The government is creating a series of toolkits to speed up the adoption of online services by local authorities.
The toolkits, covering services from planning and school admission to working with local businesses, are models for developing e-government services based on work already done in local government.
Local government minister Christopher Leslie has asked for £80m to invest in national e-government toolkits.
Last week 12 national projects were approved by the Office of the Deputy Prime Minister. It has asked for £40m for the first batch of projects, and expects funding approval by the end of March.
"Together these projects will provide the broad framework for the development of local e-government in England," said Leslie.
Another group of projects will be announced later, with similar funding.
Liz Hobson, senior project officer of e-government at the Local Government Association, welcomed the move.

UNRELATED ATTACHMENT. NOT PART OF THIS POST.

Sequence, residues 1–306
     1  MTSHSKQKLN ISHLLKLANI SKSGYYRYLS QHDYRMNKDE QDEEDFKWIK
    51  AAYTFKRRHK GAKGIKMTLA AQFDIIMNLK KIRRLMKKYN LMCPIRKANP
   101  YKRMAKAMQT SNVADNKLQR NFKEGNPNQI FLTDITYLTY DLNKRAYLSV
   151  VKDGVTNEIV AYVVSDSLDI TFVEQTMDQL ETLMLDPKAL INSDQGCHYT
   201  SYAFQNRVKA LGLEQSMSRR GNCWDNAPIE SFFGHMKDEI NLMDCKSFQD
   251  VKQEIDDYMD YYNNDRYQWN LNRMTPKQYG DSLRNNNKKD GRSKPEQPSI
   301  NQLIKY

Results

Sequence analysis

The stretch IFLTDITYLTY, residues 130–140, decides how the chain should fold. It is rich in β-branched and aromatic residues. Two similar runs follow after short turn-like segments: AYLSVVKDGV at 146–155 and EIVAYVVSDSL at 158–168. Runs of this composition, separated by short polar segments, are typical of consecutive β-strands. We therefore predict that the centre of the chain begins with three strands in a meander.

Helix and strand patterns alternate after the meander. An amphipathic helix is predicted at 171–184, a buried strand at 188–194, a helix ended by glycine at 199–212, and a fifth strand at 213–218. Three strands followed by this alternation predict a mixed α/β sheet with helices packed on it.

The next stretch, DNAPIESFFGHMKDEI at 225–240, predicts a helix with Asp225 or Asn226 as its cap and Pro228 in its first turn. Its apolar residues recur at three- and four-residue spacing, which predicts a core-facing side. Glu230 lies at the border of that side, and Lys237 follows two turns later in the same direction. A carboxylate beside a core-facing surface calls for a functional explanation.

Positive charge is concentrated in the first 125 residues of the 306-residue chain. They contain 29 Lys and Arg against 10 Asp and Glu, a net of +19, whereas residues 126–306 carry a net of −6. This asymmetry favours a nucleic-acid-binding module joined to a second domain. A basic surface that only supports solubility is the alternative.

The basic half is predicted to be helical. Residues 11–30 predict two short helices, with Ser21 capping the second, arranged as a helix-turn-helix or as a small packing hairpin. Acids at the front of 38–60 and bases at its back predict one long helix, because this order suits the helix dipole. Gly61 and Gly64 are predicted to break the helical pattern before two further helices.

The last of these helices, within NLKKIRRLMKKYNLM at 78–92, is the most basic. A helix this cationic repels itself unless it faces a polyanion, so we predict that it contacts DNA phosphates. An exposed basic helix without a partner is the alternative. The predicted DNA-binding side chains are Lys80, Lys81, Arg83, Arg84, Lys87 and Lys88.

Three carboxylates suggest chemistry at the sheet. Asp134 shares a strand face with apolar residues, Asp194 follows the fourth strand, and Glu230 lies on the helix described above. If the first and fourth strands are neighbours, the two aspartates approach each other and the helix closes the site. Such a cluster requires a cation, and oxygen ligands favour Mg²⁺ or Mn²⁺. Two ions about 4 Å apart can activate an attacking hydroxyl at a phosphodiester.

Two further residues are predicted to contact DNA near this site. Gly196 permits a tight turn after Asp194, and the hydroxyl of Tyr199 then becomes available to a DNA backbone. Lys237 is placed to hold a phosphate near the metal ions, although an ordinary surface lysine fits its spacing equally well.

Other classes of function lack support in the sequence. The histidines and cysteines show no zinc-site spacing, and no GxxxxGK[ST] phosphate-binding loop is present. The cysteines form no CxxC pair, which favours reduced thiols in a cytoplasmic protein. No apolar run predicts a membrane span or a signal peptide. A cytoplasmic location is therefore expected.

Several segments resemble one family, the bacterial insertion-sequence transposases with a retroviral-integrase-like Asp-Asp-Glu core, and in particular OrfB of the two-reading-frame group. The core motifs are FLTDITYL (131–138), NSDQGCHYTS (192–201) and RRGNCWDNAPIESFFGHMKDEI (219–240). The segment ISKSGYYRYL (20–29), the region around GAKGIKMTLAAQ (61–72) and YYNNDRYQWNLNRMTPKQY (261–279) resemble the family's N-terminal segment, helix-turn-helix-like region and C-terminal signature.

"We support the principle of having solutions that the authorities can [reference], and the national projects should be good news for authorities because it will avoid duplication," she said.
The first toolkit is based on Wandsworth Borough Council's e-planning model, which has matured into a £4.5m national project.
The Wandsworth-led National Project for Planning and Regulatory Services, which has its roots in the Pathfinder projects, is set to create a toolkit for other local authorities for online planning and building services.
Pathfinder projects were launched over two years ago to provide models for e-government strategies.
Wandsworth council launched its planning web pages in 1996, and added an online planning application facility last year with Pathfinder funding.
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